Full TGIF Record # 193131
Item 1 of 1
DOI:10.1243/17543371JSET56
Web URL(s):http://pip.sagepub.com/content/224/2/155.full.pdf+html
    Last checked: 11/15/2011
    Requires: PDF Reader
    Access conditions: Item is within a limited-access website
Publication Type:
i
Report
Author(s):Kuhlman, S.; Sabick, M.; Pfeiffer, R.; Cooper, B.; Forhan, J.
Author Affiliation:Center for Orthopaedic and Biomechanics Research, Boise State University, Boise, Idaho
Title:Effect of loading condition on the traction coefficient between shoes and artificial turf surfaces
Source:Proceedings of the Institution of Mechanical Engineers: Part P, Journal of Sports Engineering and Technology. Vol. 224, No. 2, June 2010, p. 155-165.
# of Pages:11
Publishing Information:London, England: Professional Engineering Publishing Limited
Related Web URL:http://pip.sagepub.com/content/224/2/155.abstract
    Last checked: 11/15/2011
    Notes: Abstract only
Keywords:TIC Keywords: Artificial turf; Compaction; Dynamic tests; Footwear; Impact tests; Slope surface; Static tests; Traction tests; Traffic damage
Trade Names:Boise State TurfBuster
Abstract/Contents:"ASTM F2333 is a test method for quantifying traction characteristics between an athletic shoe and a sports surface. This standard calls for normal loads of 500-3000 N to be applied between a footform and a playing surface. To assess the effect of varying the normal load on the traction coefficients between cleated athletic shoes and artificial turf surfaces, a new testing device was developed and used to collect traction data. Four different models of cleated athletic shoes were tested on FieldTurf TM at normal loads ranging from 222 N to 1776 N. Static, dynamic, and peak traction coefficient values were calculated for each condition. There was a significant difference in the slope of the load versus traction coefficient curve for loads below and above 888 N for all three variables measured. No significant differences in traction characteristics were found between shoes for loads below 888N. Significant differences between the shoes were seen with loads above 888N. However, buckling and potential permanent damage to the turf surface were seen at loads of 1776 N. The results suggest that traction data obtained on FieldTurf at loads below one body weight are not sensitive to different shoe designs. Therefore, the measurement of traction between cleated shoes and FieldTurf should be conducted at a load of at least 888 N, which is, in part, consistent with the default normal load of 1000 N, in ASTM F2333. However, a normal force of 3000 N defined in the standard for studying stopping may not be feasible without permanently damaging the turf surface."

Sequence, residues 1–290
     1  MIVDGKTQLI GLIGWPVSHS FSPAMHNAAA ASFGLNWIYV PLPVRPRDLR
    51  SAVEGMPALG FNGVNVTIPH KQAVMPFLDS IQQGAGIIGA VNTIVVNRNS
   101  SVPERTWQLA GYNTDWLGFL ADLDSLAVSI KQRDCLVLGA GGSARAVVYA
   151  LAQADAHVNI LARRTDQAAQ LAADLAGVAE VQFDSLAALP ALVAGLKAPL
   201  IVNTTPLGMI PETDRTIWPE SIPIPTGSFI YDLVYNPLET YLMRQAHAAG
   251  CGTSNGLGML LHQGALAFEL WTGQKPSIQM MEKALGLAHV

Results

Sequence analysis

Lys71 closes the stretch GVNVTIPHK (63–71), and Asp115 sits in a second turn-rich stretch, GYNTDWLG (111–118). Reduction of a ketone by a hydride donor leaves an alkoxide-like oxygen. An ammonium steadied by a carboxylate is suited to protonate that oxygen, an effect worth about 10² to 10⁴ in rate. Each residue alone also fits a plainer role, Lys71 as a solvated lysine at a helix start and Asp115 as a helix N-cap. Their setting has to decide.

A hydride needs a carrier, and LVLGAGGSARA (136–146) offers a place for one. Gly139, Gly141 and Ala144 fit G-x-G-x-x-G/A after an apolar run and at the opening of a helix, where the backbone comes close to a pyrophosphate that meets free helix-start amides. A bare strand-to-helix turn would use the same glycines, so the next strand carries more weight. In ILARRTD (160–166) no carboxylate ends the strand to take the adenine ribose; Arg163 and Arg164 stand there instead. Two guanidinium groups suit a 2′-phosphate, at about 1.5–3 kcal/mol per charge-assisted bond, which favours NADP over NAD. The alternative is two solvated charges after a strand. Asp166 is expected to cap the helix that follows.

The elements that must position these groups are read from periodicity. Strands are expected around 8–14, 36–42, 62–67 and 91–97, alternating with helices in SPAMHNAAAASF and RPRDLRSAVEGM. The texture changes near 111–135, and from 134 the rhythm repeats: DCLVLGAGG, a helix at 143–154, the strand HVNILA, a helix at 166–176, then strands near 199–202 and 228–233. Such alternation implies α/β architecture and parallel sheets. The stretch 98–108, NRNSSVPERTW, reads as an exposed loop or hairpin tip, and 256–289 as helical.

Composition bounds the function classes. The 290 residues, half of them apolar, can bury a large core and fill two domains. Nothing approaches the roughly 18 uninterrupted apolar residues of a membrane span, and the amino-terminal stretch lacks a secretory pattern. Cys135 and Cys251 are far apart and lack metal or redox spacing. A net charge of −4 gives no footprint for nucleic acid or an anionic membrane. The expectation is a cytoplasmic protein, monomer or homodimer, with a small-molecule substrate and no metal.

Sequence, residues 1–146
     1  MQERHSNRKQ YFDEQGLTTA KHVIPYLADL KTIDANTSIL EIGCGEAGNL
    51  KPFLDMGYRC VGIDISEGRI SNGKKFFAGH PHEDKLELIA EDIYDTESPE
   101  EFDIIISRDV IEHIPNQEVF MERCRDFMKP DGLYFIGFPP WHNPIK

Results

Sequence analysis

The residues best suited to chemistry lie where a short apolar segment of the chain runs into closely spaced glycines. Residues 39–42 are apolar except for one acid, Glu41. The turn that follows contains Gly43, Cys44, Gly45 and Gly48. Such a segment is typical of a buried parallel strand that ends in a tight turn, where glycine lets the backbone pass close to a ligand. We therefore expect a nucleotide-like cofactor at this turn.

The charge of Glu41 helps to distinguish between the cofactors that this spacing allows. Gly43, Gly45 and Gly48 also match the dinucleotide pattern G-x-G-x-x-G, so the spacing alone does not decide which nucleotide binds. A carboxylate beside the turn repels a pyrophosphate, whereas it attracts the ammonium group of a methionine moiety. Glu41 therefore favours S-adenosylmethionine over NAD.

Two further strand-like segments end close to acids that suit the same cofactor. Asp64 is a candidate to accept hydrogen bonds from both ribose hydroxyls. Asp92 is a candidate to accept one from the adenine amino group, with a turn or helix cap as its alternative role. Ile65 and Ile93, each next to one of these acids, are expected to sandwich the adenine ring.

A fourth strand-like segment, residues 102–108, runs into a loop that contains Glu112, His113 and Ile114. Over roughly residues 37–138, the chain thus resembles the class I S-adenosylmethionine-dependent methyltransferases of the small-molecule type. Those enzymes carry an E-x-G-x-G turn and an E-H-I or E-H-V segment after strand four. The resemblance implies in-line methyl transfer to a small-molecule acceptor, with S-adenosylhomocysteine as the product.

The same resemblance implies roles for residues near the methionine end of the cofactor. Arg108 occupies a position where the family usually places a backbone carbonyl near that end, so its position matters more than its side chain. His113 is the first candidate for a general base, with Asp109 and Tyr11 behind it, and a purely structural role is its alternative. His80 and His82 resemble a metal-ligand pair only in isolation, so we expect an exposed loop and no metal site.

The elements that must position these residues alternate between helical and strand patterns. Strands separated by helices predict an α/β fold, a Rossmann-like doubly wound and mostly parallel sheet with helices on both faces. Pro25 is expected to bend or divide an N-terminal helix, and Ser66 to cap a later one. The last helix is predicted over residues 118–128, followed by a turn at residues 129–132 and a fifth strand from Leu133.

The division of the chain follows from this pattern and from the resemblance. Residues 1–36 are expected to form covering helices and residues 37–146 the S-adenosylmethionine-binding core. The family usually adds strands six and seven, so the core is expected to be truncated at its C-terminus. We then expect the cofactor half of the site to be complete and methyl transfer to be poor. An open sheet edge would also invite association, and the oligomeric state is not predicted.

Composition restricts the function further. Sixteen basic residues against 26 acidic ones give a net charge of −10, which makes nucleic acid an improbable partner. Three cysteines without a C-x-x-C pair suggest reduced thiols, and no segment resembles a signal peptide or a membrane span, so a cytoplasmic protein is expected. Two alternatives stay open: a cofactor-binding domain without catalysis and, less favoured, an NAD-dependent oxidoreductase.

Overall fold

Language:English
References:22
Note:Pictures, color
Figures
Tables
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ASA/CSSA/SSSA Citation (Crop Science-Like - may be incomplete):
Kuhlman, S., M. Sabick, R. Pfeiffer, B. Cooper, and J. Forhan. 2010. Effect of loading condition on the traction coefficient between shoes and artificial turf surfaces. Proceedings of the Institution of Mechanical Engineers: Part P, Journal of Sports Engineering and Technology. 224(2):p. 155-165.
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DOI: 10.1243/17543371JSET56
Web URL(s):
http://pip.sagepub.com/content/224/2/155.full.pdf+html
    Last checked: 11/15/2011
    Requires: PDF Reader
    Access conditions: Item is within a limited-access website
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